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Amritsar Calling: The expletive repository of the nation

Amritsar Calling: The expletive repository of the nation

The folks in Amritsar are accustomed to a more colourful rendition of the mother tongue, way more deep-rooted to the expletive traditions than we refugees.

My father once told me that the most derogatory term in Kabul was Pisreh khanzeerast. Thus, calling someone the son of a pig in Farsi was sacrilegious to the hilt. Shamshirs and Pulwars would be drawn out of scabbards and gunpowder added to the muskets as a consequence of such abuse. Heads were set to roll. We had a shop you see, a branch office at Afzal Market, so the educative experience. In our home though, the wildest swear word was Dad calling my sons Ullu da Patha, and that would set the boys, then just onto their two feet, in a tizzy. And for them to repeat that in front of old relatives became a game which had them all rolling with laughter. That I was the owl, and the butt of the joke was inconsequential and actually bothered me not at all.

That was all that we from the Pak Peshawar belt were capable of. And being called a pig, a cute porcine at that, or an owl, wise as it is, is kinda light-hearted banter in our present circumstance.

The folks in Amritsar are accustomed to a more colourful rendition of the mother tongue, way more deep-rooted to the expletive traditions than we refugees. Here, the habit of punctuating every half-sentence with the choicest abuses, of at least a Myeen as a hint of one, is a sign of bravado, something that sets apart the men from the boys. And what better medium than Punjabi to carry the expression? The moment you adopt this format, it’s a catalyst to comradeship, perhaps even an initiation to the brotherhood of Ambarsar. So, either you abuse well and thus be accepted, or not enrol and thus be segregated and ignored.

My mum would talk of this as rust of the tongue, zabaan da jangaal, coming off. Except that the rusticness of the Ambarsari tongue could set WD40 a challenge since the supply of insults is almost infinite in their vocabulary. As soon as a couple of citizens gather up and a few abuses sang forth, eyes light up with interest, the body language changes, adrenaline rushes and excites, hearts start pounding and souls unite. Pure pleasure ensues.

The galis and mohallas of the walled city have been the repository of this colourful oral legacy of an otherwise holy city. If you were to test your eardrums to the vocabulary of the typical Lalla, the tradesmen of the bylanes, you would bear testament to it all, the extent, and the diversity. The mother, the sister, the wife, parts of the genitalia of both sexes, the butt are all subject to the inclusivity of Gaal Punjabi. The permutation-combinations thereto are in many scores and juicy as can be. Those of us who do not relish this scourge, the usage can be an affront to the senses, truly sexist and terribly chauvinistic. But the beholders are many and so are the exponents.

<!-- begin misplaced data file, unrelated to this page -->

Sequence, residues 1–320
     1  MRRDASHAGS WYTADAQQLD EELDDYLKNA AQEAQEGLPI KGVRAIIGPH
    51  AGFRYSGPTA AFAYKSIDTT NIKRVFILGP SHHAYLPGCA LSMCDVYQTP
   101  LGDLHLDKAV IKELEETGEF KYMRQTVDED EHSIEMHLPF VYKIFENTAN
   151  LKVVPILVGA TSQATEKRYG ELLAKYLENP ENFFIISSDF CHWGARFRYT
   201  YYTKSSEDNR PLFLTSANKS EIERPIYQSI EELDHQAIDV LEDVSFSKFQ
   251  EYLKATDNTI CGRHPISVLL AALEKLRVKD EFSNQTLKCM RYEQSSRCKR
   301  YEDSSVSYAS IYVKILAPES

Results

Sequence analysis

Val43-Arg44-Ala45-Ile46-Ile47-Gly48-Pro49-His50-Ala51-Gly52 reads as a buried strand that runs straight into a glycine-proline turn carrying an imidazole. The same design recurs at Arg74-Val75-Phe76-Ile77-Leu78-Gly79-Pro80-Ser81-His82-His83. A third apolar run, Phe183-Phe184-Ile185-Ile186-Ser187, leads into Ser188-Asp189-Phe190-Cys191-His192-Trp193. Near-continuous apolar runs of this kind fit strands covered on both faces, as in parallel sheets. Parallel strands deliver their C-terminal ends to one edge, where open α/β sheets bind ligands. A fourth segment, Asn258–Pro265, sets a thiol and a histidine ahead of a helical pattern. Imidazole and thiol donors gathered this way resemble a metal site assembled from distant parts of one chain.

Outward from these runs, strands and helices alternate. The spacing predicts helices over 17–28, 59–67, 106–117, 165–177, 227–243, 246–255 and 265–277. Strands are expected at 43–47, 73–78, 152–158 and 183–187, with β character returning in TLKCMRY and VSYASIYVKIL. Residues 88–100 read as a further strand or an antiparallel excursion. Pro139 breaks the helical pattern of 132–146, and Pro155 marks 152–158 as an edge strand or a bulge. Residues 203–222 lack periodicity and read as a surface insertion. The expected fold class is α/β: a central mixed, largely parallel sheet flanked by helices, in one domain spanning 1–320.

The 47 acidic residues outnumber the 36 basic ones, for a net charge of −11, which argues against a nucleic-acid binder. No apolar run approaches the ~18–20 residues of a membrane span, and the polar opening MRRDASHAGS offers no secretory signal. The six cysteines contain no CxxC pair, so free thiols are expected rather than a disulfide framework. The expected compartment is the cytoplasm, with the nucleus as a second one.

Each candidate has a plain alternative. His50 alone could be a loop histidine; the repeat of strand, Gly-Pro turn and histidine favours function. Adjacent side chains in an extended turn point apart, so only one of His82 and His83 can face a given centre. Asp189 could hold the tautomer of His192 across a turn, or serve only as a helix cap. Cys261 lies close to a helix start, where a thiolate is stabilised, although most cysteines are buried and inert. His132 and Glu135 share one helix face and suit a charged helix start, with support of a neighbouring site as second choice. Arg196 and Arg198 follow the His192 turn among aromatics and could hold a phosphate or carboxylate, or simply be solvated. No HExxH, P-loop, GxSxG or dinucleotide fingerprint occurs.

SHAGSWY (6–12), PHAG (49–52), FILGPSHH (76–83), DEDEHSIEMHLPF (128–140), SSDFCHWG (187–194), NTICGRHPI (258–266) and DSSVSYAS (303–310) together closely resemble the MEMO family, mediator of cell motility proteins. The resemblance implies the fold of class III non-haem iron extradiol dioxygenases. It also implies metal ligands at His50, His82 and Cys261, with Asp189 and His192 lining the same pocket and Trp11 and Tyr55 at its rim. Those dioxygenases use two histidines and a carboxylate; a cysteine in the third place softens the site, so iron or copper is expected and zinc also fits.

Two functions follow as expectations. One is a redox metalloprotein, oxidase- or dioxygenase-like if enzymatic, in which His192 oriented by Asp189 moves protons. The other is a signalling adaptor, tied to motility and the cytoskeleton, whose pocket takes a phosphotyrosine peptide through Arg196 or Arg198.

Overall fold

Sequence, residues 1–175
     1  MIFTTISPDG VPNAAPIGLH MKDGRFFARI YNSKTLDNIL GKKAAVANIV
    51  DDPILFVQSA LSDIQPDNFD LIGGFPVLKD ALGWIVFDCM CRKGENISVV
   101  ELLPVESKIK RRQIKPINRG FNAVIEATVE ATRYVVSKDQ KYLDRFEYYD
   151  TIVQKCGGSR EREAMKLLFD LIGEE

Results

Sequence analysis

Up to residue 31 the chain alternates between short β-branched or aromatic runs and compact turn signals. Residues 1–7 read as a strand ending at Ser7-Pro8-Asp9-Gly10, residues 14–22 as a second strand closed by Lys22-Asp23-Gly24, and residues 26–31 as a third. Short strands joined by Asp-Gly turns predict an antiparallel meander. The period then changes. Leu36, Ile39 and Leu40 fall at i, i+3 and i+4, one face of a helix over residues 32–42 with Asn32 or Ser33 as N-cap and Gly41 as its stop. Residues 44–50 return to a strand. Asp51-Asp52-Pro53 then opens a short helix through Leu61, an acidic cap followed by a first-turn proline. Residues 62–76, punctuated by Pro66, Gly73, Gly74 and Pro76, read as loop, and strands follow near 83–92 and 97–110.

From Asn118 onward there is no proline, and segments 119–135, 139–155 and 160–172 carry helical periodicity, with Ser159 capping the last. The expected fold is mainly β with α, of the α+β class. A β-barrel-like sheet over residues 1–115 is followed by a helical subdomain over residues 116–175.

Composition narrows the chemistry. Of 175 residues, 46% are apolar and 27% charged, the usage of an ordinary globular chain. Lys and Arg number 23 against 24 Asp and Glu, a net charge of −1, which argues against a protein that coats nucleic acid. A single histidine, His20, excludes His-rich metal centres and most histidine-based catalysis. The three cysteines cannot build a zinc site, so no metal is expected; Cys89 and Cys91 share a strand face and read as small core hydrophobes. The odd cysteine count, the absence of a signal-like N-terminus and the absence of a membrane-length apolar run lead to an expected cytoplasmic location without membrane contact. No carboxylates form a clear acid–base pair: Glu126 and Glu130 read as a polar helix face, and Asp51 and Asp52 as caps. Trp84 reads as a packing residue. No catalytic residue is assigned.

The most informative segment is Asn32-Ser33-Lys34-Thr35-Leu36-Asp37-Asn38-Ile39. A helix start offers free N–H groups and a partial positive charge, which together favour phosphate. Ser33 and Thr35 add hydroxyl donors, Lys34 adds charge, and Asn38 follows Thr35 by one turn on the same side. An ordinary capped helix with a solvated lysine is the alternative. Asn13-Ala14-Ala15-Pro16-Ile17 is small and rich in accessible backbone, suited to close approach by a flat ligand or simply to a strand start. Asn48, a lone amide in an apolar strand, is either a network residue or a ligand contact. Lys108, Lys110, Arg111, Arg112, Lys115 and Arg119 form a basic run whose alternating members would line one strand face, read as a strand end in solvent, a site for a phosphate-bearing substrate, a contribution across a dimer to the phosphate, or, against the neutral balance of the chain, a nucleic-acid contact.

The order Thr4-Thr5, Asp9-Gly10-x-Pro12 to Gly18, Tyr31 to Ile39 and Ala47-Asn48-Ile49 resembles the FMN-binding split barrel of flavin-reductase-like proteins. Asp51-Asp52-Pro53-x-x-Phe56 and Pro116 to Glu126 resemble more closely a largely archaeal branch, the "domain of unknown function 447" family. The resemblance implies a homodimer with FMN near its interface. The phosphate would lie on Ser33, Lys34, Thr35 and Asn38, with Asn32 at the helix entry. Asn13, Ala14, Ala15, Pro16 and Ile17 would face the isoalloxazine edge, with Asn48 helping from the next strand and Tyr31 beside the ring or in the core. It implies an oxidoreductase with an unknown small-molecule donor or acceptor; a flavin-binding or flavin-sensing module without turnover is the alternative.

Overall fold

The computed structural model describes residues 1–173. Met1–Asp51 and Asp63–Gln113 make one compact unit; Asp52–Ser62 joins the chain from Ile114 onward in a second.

And if does liquor be flowing, then the choicest and the lustiest profanity flows forth with abandon. Just the other day, my neighbours had a few friends and relatives over by a bonfire. They singed my senses and my audible devices within minutes. And to think that half the gathering was of women was unthinkable, but true. The fact is that on many occasions their laughter and banter was louder than that of the men. Khudah Kasam. This is a trait adopted by the fairer sex, one that has become evident more of, of late. First, it was just an odd cuss word thrown in for shock and awe, then more fluent flow to drive home the comfort of usage. Emancipation of sorts if I may.

The children learn swiftly as well as if incubated for a cause. The teachers in school pull ears and punish, but the influences are many, from parentage to peers, from the shop keepers to the common man on the street, siblings, and cousins as well. And the Ambarsari kids take to this abhorrent verbal tradition like fish to water. As it is, adolescence is always a time of rebellion, of exposure to the vagaries of discovery, and for the prolific adoption of all that is less mundane and more exotic. Sounds like a lot of fun, more fire to a heated moment, impactful to peers, and something that bugs the elderly. Perfect.